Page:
That’s a problem for our Banana-munching republic. Sex was suspended for banana cultivation long ago, and the price we will pay is a Bananageddon. Here’s why.
The plant is propagated vegetatively and cannot produce seeds because it is genetically triploid. Two sets of chromosomes in a diploid plant are company, but three is a crowd because the threads of DNA get tangled and can’t segregate into equal halves to make haploid germ cells in male and female flowers. The vast banana plantations in the tropics are genetically identical clones, and the lack of diversity in these monocultures renders them vulnerable to pests that can evade their natural defenses.
There is only one kind of banana in the marketplace today, and its existence is threatened by the fungus Tropical Race Four whose hyphae kill after growing into the plant and cannot be eradicated from the soil. It has devastated crops in Asia and Australia because farming practices are so intensive, providing no physical or genetic barriers to the spread of disease. When it begins to rampage across the growing regions of Latin America Bananas at 60 cents a pound will be a memory.
We have bananas
The fruit we love dangles on the thread of a single variety, whereas the many kinds of apples-Granny Smiths, Golden Delicious, McIntosh Red, etc- are begotten from sexual unions and seed dispersal. Until sixty years ago the Gros Michel was the big banana, with a less attractive name than the Cavendish which is currently the reigning monarch of the bunch. I am told that the Gros was the more tasty of the two, although I can’t remember because I was too young, being born around the year 10 BCE (Before Cavendish Era). When Gros plantations came under attack by an earlier disease, the Cavendish was planted as a substitute because of its greater resistance, but now it too is under a threat.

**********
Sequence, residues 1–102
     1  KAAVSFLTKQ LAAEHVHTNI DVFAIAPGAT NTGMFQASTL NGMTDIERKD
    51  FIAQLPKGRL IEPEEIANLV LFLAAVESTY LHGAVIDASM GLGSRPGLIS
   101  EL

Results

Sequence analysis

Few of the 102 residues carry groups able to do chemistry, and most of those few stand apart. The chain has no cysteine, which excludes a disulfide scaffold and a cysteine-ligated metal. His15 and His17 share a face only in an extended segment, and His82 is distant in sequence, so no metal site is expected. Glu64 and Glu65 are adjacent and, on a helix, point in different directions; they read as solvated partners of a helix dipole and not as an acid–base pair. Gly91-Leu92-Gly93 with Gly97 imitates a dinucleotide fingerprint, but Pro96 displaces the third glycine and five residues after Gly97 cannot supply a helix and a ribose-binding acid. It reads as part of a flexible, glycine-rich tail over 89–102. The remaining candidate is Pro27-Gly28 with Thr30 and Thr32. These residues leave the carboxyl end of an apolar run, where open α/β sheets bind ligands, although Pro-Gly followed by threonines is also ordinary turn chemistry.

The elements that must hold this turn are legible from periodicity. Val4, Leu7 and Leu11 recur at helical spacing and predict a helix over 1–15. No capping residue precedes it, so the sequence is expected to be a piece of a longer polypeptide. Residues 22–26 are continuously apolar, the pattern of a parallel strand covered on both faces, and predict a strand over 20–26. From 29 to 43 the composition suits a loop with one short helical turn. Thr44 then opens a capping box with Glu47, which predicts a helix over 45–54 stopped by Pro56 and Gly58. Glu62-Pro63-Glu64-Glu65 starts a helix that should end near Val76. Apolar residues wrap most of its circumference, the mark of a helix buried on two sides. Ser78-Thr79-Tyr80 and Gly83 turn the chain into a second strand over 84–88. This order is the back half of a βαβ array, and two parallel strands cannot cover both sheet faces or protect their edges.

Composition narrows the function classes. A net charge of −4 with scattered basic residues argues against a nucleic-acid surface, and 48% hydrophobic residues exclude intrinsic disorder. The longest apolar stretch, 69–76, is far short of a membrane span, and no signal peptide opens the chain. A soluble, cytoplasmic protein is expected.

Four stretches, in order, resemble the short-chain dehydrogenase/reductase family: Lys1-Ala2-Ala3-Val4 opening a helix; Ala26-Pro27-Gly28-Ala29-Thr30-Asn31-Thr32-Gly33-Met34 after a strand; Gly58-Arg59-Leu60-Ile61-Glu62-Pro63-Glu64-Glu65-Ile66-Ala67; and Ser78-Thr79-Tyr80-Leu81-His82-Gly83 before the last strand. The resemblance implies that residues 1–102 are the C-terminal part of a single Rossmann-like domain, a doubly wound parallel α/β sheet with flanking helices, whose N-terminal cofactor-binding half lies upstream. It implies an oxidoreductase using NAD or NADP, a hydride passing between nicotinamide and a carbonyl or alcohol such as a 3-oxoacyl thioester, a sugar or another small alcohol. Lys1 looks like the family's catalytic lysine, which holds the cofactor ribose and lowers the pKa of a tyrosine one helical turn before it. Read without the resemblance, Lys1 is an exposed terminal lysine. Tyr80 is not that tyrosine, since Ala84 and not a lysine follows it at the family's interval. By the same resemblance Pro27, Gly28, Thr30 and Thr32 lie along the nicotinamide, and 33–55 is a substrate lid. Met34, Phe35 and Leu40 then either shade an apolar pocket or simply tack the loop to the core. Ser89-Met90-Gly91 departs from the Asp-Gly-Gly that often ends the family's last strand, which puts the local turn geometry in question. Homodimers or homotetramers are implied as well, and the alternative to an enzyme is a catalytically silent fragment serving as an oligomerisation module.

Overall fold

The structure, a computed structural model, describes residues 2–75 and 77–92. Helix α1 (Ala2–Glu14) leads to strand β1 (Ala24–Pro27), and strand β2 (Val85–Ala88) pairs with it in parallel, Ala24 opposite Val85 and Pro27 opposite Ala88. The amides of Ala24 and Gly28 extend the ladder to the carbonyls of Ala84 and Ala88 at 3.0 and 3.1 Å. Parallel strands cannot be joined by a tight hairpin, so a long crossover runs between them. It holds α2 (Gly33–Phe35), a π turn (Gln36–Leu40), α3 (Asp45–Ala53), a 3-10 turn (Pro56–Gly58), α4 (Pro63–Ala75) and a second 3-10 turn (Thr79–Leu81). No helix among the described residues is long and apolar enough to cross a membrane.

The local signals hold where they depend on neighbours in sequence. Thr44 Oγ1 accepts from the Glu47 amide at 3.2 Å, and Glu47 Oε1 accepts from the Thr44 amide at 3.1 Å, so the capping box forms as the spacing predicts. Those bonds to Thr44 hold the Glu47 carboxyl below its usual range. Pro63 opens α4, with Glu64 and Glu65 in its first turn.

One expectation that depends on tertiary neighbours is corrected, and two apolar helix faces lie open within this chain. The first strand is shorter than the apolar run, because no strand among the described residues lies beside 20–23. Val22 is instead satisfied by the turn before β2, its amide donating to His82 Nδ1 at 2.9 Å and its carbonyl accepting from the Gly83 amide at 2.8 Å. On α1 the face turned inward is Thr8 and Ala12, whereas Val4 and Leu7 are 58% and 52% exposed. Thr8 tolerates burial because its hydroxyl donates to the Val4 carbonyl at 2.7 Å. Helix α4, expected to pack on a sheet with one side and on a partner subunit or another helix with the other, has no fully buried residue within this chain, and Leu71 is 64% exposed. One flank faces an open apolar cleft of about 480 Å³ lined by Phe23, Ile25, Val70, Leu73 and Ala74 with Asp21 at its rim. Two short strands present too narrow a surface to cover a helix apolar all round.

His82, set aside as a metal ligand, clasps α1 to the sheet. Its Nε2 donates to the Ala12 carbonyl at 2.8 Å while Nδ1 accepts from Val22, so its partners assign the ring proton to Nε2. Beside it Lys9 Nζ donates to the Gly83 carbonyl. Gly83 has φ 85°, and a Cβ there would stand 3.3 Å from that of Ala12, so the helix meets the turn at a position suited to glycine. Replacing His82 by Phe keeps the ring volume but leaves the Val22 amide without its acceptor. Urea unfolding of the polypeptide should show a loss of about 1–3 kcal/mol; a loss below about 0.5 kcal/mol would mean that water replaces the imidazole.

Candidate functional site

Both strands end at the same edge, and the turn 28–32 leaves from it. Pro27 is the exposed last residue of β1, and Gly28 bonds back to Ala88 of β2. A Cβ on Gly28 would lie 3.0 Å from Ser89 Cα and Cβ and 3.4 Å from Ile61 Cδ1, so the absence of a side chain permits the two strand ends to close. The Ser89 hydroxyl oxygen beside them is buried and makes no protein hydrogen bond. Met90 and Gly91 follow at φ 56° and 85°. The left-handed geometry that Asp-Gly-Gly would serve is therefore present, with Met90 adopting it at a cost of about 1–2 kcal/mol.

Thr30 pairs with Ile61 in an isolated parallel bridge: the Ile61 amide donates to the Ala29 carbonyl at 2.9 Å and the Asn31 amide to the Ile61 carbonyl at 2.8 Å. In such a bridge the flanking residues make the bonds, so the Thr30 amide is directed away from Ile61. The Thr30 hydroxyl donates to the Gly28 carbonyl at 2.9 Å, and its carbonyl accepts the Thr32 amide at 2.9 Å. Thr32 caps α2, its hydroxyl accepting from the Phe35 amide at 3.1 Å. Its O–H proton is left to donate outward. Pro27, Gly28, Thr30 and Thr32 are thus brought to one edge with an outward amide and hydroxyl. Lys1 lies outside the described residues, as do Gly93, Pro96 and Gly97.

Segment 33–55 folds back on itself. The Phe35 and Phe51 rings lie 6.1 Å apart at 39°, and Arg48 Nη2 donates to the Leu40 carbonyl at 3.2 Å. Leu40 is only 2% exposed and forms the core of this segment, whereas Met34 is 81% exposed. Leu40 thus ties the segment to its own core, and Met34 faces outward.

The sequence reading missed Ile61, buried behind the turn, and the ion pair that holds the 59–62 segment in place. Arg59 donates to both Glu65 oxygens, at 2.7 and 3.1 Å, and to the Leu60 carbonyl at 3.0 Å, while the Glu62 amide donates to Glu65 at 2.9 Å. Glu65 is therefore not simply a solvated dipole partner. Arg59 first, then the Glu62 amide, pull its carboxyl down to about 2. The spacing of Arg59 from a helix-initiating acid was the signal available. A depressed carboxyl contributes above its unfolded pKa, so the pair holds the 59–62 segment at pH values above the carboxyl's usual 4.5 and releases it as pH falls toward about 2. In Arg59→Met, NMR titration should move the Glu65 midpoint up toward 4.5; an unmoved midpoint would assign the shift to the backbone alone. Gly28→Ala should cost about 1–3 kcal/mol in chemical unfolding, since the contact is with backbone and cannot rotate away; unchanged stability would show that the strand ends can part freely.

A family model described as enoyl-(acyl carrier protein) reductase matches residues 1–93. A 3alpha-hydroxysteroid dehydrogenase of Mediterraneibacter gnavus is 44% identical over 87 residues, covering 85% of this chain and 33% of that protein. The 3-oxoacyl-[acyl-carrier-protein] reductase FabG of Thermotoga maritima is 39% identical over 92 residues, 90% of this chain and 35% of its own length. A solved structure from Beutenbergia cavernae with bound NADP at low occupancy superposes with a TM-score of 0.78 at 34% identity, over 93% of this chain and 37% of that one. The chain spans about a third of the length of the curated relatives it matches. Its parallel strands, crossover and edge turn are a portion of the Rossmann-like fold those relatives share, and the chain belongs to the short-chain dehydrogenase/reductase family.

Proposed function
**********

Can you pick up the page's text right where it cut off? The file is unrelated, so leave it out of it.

The Cavendish is an aristocratic banana. Sometime in the 1830s it was grown on the estate of the Duke of Devonshire of the Cavendish family, whose stately home is the famous Chatsworth House in Derbyshire. The 6th Duke recognized an outstanding talent in his boy gardener, Joseph Paxton, who designed the greatest greenhouse in the world for his master, and which became the inspiration for his plan of the Crystal Palace at the Great Exhibition of 1851. Sir Joseph, as he later became, was one of the most ingenious men of the Victorian Age, and all because of the Duke’s trust and confidence.
One of his claims to fame was to grow in his greenhouse the variety of banana that now adorns our fruit bowl; as a young man, Joseph never asked what bananas could do for him, but asked what he could do for bananas. The Cavendish is his gift to the world, and it is a shame that the Devonshire family motto can’t be changed from Cavendo tutus to Deus nisi quod fixa (meaning God save the banana). But I digress…
In the past few weeks, banana biologists have announced the genome sequence of their fruit. The Bananome will enable them to peel open the fruit for genetic engineering to confer resistance to specific diseases and boost its nutritional bounty, perhaps by augmenting vitamin A whose deficiency still causes blindness in children. We will then have to choose GMO bananas or have no bananas, but genetic engineering will be fruitless unless vegetative propagation is bypassed for making new cultivars. To straighten our banana troubles we need to suspend cloning in this Brave New World long enough for a bunch of native plants to have wild sex.
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Filed under: Biomedical, Nature Tagged: banana genome, Cavendish banana, Chatsworth House, Duke of Devonshire, Gros Michel, Sir Joseph Paxton, Tropical Race Fout
This post first appeared on Roger Gosden Musing | Love To Wonder, The Seed Of Science (Emerson), please read the originial post: here